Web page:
Justice Gorsuch wrote in the Wisconsin case that "state legislatures — not federal judges, not state judges, not state governors, not other state officials — bear primary responsibility for setting election rules." Fine -- but Gorsuch apparently felt the exact opposite last week about Pennsylvania. The three liberal justices also flipped positions. Last week, they were hands-off in Pennsylvania, but this week they wanted to intervene in Wisconsin. Roberts deserves credit; he is the only justice on the court who has been consistent in application of legal principles, regardless of likely electoral outcome.
If you're confused, it's not you; it's the Supreme Court. There's only one consistent principle emerging, and it's electoral, not legal: if the state has allowed more access to voting, the liberals want to leave it be and the conservatives want to intervene. And if the state has restricted ballot counting, the conservatives are all for it and the liberals object. That's not law -- it's politics.
Things aren't likely to get any better for the liberal bloc, and they could get far worse with Justice Barrett joining the Supreme Court bench, giving the conservative voting bloc a 6-3 majority. So, it will take two crossovers -- Roberts perhaps, plus another -- for the liberals to carry a decision.
The stakes here could hardly be higher. Both Pennsylvania and Wisconsin were decided by razor-slim margins in 2016, and both promise to be among the most vital swing states in 2020. And even in the few days remaining until November 3, the Supreme Court could rule on a voting case coming from North Carolina, and on the Republican Party's last-gasp effort to obtain a favorable ruling (again) in Pennsylvania.
Watch the Supreme Court carefully over the next few days. The justices will reveal whether they are true jurists, or just partisans in robes.
Now, your questions:
Carl (Virginia): How do Amy Coney Barrett's legal qualifications measure up against other Supreme Court justices, and are there any legal requirements to become a justice?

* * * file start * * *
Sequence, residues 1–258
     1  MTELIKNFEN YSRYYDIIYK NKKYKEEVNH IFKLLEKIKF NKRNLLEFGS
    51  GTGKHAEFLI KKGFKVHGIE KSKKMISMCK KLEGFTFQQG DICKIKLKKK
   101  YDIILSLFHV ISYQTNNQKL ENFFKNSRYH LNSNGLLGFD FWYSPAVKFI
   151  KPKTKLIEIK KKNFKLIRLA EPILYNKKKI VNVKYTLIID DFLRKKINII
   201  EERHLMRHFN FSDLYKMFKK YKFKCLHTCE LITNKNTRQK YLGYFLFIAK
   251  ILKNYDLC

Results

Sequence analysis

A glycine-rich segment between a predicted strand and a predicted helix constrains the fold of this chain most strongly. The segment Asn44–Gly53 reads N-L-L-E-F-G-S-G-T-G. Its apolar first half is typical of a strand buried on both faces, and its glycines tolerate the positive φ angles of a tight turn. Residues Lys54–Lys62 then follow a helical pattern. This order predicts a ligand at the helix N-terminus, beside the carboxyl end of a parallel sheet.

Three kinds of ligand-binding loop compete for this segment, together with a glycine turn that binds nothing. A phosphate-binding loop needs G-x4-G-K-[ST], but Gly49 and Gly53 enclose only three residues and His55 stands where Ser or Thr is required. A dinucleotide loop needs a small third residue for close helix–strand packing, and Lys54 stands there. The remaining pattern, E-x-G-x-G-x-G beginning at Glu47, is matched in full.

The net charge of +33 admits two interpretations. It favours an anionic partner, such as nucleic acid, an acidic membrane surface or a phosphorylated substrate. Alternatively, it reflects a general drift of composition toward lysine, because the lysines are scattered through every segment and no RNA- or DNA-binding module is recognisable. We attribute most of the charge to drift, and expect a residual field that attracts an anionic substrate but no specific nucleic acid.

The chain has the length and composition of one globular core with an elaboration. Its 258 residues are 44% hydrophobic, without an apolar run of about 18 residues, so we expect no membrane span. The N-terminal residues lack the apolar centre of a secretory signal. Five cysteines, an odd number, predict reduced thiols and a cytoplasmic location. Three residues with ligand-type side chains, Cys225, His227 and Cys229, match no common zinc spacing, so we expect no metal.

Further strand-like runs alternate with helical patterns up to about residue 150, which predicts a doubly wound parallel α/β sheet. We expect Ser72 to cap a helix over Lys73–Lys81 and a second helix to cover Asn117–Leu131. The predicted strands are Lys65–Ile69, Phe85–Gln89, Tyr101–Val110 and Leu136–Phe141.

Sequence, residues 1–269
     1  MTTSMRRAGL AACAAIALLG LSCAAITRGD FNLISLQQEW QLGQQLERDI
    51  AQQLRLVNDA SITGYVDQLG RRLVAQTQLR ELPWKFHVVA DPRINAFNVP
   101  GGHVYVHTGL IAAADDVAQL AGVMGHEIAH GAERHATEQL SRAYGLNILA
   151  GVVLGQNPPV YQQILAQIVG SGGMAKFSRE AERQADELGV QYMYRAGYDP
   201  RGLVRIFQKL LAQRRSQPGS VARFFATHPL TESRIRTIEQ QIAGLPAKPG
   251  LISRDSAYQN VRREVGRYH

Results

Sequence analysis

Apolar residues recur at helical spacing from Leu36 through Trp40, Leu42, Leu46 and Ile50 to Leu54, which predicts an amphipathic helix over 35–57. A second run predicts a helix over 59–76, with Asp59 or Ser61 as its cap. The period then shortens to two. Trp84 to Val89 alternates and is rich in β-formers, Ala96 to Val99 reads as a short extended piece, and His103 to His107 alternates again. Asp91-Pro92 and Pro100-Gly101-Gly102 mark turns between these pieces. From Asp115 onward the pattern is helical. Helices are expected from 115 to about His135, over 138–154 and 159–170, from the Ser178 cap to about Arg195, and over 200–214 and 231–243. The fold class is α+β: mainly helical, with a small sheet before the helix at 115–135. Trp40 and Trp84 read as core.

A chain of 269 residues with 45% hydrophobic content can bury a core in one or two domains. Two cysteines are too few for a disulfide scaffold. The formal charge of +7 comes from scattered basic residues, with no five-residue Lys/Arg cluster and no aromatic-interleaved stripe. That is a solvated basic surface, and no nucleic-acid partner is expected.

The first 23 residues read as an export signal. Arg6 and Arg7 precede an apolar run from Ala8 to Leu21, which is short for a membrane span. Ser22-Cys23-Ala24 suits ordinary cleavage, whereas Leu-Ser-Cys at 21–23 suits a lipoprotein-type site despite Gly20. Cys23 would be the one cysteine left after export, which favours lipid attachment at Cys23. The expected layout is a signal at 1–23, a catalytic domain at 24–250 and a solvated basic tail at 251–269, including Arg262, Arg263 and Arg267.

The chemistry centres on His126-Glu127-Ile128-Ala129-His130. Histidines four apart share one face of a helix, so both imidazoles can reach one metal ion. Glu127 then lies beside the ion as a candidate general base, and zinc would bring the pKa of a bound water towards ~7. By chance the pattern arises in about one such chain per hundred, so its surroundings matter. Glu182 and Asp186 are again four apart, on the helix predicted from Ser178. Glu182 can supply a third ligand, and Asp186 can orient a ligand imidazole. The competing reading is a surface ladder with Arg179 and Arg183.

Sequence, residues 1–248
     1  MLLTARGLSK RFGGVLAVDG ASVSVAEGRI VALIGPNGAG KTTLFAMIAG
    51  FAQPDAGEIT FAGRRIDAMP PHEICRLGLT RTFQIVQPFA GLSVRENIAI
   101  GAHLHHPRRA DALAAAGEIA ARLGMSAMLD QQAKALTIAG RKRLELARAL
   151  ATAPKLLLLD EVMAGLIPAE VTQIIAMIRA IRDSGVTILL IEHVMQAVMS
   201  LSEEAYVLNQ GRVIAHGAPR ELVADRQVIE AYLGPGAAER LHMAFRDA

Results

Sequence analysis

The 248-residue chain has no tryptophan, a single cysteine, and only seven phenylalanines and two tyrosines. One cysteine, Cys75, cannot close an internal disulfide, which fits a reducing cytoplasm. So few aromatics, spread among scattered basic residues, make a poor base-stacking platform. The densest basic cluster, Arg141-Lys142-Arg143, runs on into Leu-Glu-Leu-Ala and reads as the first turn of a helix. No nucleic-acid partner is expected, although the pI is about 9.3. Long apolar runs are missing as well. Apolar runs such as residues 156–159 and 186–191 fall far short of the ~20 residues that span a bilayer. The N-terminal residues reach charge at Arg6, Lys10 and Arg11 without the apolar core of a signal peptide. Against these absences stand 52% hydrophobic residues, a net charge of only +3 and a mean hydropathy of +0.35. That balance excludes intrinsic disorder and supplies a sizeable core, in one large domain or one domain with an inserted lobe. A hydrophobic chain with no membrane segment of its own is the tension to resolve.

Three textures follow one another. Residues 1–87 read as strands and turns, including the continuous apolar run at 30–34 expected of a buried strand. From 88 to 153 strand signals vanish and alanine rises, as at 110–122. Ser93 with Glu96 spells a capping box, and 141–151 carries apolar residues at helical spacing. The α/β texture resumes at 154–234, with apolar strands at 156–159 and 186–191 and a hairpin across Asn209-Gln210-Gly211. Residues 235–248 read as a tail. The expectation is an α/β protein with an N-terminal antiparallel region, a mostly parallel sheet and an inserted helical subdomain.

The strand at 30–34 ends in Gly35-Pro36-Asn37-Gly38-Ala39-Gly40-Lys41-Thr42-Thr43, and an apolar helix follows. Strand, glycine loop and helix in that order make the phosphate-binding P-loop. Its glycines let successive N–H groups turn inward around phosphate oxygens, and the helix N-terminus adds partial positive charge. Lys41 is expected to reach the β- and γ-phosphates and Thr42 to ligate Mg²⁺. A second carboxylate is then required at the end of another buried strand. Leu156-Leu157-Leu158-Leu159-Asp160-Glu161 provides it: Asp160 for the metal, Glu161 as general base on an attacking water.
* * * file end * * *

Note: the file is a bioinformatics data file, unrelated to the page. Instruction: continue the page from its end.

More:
Looking strictly at prior judicial experience, Barrett ranks sixth out of nine justices on the Court. Five justices -- Breyer, Alito, Sotomayor, Gorsuch, and Kavanaugh -- served for at least a decade as judges before joining the Court. Two, Roberts and Thomas, were judges before joining the Court, but for less than Barrett's three years. And Kagan had never been a judge before becoming a Supreme Court justice (though she had served as United States Solicitor General and had been the Dean of Harvard Law School).
Jack (Maine): Can Congress get around lifetime appointments by shrinking the size of the Supreme Court?
Yes and no. Yes, Congress can pass a law changing the number of seats on the Supreme Court. The Constitution does not specify a number of seats on the Court, and Congress can set that number through legislation. Over our history, we've had as few as five and as many as ten seats on the Court. So, at least in theory, Congress could pass a new law reducing the size of the Court.
But here's the problem: the Constitution provides that federal judges serve "during good behavior," meaning for lifetime terms (or until they resign or are impeached). So, it would be difficult or impossible to remove a sitting Justice from the Supreme Court. The best (and perhaps only) way for Congress to reduce the Court would be to pass a law specifying that the next two (or whatever number Congress sets) Supreme Court vacancies will remain unfilled until the Court is reduced in size to the targeted number.